Go West, Young Robot

Westworld (1973)

I watch just about everything eventually, so long as we're talking scripted fare (reality TV, by and large, doesn't thrill me). If something looks even halfway interesting I'll give it a few minutes of my time, see if it hooks me. It's a great habit to have for this site, certainly, but even when I'm not writing about random movies and TV shows I tend to just consume media.

It should come as no surprise, then, that I've been keeping up with the recent Westworld series on HBO. It's sci-fi, which is right in line with what this site generally covers, and it's watchable enough that I could easily get into it and let the strangeness of the series wash over me. That said, I was interested in the series even before I heard it was a bit of a head-trip -- I'm a big fan of the original film.

Released in 1973, the original Westworld was a Michael Crichton joint (written and director by the prolific novelist). Like the series it tells the story of the titular Westworld, a theme park for adults populated largely with robots. Guests, like our two main characters Peter (Richard Benjamin) and John (James Brolin), would come to the park to immerse themselves in an American Old West-style environment, complete with bar fights, gunslingers, and places of ill repute. It is, essentially, the Hollywood vision of the Old West as depicted in every Western ever.

Into that settings walks the Gunslinger (aka "The Man in Black), a robot played by Yul Brynner who's basically the big man of the town. If we use the parlance of the more recent HBO series, when the Gunslinger walks into town, all the plotlines revolve around him. of course, our two main characters have a run in with the Man in Black, and they gun him down (which neatly establishes that the robots aren't allowed to hurt the humans because, otherwise, how would two doughy dudes be able to gun down a trained gunfighter). We then see the Gunslinger taken into the repair shop (neatly hidden away from the main activity of Westworld) to get all fixed up, but that leads into the main plotline: the robots aren't behaving quite right. Soon enough, the Gunslinger is back on the street and this time he guns down John.

Soon all hell breaks loose as the robots go off script and start killing the human visitors. Peter has to run from the Gunslinger while finding a way out of the theme park. This then leads him past Romanworld and into Medievalworld (the other two parts of the complex), where the final confrontation with the Man in Black occurs.

So the movie is about control leading to chaos, a theme park that descends into madness. This is a theme that Crichton would revisit, of course, in his novel Jurassic Park, and it's clear from these two stories (along with a few other novels of his that I read) that despite being a sci-fi novelist, Crichton didn't really trust technology. Like, at all. His sci-fi stories are always about some big innovation leading to mass chaos when the worst thing that could happen then does happen in the most obvious way possible. What happens when you set up a theme park staffed with robots and then give the robots guns: they start killing people. Duh.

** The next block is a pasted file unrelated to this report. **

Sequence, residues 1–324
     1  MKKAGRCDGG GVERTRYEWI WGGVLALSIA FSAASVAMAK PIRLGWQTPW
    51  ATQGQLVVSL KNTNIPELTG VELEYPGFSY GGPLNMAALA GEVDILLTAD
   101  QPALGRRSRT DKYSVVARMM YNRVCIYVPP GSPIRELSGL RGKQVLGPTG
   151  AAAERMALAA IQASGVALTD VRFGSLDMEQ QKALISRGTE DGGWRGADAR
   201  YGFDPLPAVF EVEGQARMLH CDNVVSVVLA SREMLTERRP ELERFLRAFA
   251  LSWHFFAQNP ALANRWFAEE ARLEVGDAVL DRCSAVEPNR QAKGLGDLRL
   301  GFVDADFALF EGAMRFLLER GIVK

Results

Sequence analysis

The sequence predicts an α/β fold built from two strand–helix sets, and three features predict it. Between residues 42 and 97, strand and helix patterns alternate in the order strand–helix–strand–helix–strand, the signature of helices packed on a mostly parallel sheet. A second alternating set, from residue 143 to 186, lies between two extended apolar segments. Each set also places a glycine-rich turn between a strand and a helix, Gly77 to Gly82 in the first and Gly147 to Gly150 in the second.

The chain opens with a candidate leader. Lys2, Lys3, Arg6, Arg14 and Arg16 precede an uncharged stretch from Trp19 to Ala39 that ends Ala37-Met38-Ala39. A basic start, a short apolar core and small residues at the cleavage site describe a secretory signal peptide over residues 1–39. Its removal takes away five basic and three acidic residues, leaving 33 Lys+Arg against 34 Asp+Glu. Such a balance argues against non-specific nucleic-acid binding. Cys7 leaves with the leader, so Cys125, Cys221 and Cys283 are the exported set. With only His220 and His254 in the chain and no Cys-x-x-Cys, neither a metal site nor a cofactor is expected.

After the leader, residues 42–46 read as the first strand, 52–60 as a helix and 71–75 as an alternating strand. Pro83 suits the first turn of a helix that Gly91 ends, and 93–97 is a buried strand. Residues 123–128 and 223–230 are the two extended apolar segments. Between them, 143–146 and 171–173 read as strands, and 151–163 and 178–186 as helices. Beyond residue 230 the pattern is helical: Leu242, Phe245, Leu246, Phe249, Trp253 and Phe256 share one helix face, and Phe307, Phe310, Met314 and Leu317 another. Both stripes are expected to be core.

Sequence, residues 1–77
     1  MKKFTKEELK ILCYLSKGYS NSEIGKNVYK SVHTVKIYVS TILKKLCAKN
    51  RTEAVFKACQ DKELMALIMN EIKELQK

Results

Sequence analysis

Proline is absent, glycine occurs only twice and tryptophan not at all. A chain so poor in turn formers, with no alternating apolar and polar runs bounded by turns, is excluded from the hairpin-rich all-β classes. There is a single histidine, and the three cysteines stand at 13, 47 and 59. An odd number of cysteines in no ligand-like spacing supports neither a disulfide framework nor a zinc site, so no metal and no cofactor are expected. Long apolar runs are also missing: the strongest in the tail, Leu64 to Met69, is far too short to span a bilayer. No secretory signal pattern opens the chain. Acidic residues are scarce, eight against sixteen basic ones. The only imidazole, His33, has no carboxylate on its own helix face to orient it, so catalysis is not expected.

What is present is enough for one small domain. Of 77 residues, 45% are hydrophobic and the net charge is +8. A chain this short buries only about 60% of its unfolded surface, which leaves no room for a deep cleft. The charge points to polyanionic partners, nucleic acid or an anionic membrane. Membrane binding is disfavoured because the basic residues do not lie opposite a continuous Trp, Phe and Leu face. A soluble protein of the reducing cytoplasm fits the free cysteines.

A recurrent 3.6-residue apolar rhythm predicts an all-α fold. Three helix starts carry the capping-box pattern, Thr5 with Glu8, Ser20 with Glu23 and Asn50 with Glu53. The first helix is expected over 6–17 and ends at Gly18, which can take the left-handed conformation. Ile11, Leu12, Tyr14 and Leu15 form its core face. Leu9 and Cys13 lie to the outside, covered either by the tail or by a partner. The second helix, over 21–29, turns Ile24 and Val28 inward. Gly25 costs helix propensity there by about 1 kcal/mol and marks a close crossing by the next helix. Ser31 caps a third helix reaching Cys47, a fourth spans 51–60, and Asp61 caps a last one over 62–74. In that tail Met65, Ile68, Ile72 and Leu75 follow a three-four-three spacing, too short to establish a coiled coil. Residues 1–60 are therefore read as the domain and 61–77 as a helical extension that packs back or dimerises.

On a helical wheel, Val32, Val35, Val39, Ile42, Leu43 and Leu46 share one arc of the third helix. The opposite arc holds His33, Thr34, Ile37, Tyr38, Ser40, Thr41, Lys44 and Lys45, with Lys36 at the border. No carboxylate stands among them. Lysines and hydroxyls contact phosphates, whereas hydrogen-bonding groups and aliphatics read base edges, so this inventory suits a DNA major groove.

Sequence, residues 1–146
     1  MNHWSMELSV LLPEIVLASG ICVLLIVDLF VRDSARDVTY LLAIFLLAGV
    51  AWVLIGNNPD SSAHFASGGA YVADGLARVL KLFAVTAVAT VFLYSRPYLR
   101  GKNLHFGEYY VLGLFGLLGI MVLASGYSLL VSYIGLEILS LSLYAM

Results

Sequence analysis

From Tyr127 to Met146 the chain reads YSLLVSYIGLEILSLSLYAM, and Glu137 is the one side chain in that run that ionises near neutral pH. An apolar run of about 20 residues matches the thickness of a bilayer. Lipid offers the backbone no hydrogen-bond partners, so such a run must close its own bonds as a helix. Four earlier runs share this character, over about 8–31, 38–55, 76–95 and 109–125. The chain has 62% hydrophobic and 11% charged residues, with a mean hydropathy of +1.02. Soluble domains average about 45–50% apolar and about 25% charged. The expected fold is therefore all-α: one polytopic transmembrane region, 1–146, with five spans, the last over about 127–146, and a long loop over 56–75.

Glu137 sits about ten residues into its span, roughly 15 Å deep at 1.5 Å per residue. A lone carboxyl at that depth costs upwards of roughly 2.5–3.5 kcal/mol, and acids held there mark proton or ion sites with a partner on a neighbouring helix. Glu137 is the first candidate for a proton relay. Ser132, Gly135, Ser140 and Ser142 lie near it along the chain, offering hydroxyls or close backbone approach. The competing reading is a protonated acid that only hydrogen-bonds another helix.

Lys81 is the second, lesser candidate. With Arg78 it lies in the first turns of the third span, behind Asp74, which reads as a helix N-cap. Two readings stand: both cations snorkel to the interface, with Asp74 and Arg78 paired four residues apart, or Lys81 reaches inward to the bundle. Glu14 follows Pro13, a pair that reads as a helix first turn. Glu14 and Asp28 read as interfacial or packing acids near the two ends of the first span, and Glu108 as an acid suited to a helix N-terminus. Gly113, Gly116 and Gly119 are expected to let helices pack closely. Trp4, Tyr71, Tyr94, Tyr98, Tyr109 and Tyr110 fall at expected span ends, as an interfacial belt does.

Despite the simple storytelling, though, the Westworld movie works. A lot of that, of course, is due to Brynner who, by this point, was a household name when it came to Westerns after starring in The Magnificent Seven and one of its sequels along with a number of smaller westerns. Putting Brynner in the role of a gunslinger and then making him the bad guy (playing against expectations) was a brilliant move and it makes you question everything that's going on (including if the humans are really such good guys). The casting of Brynner gives the story more depth than it might have had otherwise, aiding in no small part that he was a fantastic actor that could sell the cold menace of the role.

Of course, once the movie descends into chaos you're ready for the ride. The movie wisely builds to it slowly, letting things go haywire a little at a time before the big event. This allows the third act to function as a release, shifting from tense thriller to all out action. The final part of the movie functions as a monster movie, with the evil robot relentlessly stalking the human (in a way, reminding me of The Terminator released nearly a decade later -- it wouldn't surprise me if this film was an influence on director James Cameron), and it's enjoyable to watch. The final sequences are tense in their own way with a creeping dread that no one is going to survive this nightmare.

While conceptually the movie is pretty smart, with an interesting sci-fi hook to hang the film on, it's not really a "smart" film. The story likes to wallow in the muck with its heroes, enjoying the licentious nature of what they're getting up to before shifting to a hulking monster movie. But then that's really why it works. If it tried to be smarter (like the later HBO series) it probably would have had to spend more time on its story which would have slowed the pacing and made for a very different (and probably much longer) movie.

You know, like its eventual sequel, Futureworld, which we'll cover next time...